Achieving a Single Customer View

Marketers have been talking about the desire to operate a single customer view for years, if not decades, in order to create a three dimensional picture of the customer. But, if our conversations with marketing leaders are anything to go by, very few have achieved this utopian state.

In the era of ‘Big Data’, customers are interacting with companies through disparate sources. From clicks to tweets, businesses are struggling to assess what information is necessary and useful and turn the data into valuable insight. Lack of alignment in traditional company structures mean that customers can appear on the databases of several departments – sales, service, finance, etc – all unaware of each other’s interactions with the customer. In turn, this makes it incredibly challenging for businesses to effectively deliver the right customer service needed to retain valuable customers and grow their accounts through cross-selling of services.

We ask the top industry experts their advice for achieving the Single Customer View…


Commit to the challenge and keep sight of your goals

Get executive buy-in and evangelise the benefits of single customer view so it cascades down throughout the organisation.

My second tip would be to Invest in outcomes. If you can’t see the goal then everything looks like an obstacle. Keep sight of the goal and the rewards it will yield. 


Make Data Quality a priority

Data management is the foundation of business. There’s no point in working towards a single customer view if your databases are founded on ageing databases, out of date records and incomplete data capture. According to Gartner, without adequate resources to focus on data quality an organisation’s CRM efforts will not be successful. Clean up your existing records using data cleansing software, and use address validation technology to ensure any data captured is validated at the source of entry. The effects of poor data penetrate the business quickly and deeply.


Include External Reference Data

Merging all internal data referring to the same real world entity into a so-called golden record is a basic way of supporting a single customer view. However, there are much more to gain by also including external reference data that tell you more about that real world entity and makes it possible for you to learn when something happens to that entity.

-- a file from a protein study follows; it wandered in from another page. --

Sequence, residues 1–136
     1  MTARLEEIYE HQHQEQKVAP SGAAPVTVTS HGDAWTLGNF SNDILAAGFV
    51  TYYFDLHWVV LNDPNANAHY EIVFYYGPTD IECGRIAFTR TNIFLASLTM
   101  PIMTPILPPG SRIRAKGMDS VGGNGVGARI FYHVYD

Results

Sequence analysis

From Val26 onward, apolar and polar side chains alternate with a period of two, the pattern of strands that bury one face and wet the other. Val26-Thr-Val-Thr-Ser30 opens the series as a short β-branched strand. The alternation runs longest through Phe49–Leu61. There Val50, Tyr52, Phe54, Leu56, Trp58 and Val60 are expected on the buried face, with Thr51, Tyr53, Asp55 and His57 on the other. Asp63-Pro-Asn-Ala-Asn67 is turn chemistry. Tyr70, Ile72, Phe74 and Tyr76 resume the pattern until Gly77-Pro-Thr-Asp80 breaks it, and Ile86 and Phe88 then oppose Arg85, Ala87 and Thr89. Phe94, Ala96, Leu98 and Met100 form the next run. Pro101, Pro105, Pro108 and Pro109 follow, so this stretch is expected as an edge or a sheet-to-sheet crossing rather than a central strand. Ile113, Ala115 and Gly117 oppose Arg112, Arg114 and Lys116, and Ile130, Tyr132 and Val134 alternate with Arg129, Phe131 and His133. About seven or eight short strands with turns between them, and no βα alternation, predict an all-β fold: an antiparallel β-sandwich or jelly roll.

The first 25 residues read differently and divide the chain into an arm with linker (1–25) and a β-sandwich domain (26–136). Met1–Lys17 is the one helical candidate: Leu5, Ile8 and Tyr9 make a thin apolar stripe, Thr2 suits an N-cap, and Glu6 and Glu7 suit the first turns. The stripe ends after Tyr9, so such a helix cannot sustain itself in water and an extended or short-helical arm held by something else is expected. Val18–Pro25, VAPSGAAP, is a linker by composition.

Timing is everything

The key to leveraging a single customer view is timeliness. There is no point in having joined up customer data if you can’t act on it quickly. The velocity of information flowing through our systems is increasing as we tap into new streams of data, and in order to capitalise on this intelligence we need to address two issues. Firstly, we need to take advantage of SaaS computing power. By moving into the cloud, businesses can take advantage of massively increased processing power and better connectivity between applications. Secondly, we need to place the intelligence applications directly into the hands of the front-line departments – empowering customer service teams with timely and relevant insight.

By truly democratising the applications and the data across business teams we can look to see beyond the technology and focus on great customer experience.


Give contact centres the ability to customise their agent desktops

No two contact centres are the same, so it’s important to give customer service teams the opportunity to fine tune the agent desktop to meet their specific needs. Having a single customer view is fine, but what if that view needs to change to reflect different sales campaigns or marketing promotions? That’s why you need to be able to create and customise your own ‘smart’ agent desktop views – ideally without difficult configuring by the IT team. The best solutions here are the ones that even non-specialist staff can take advantage of – using a simple, drag and drop, fully configurable ‘no coding’ model.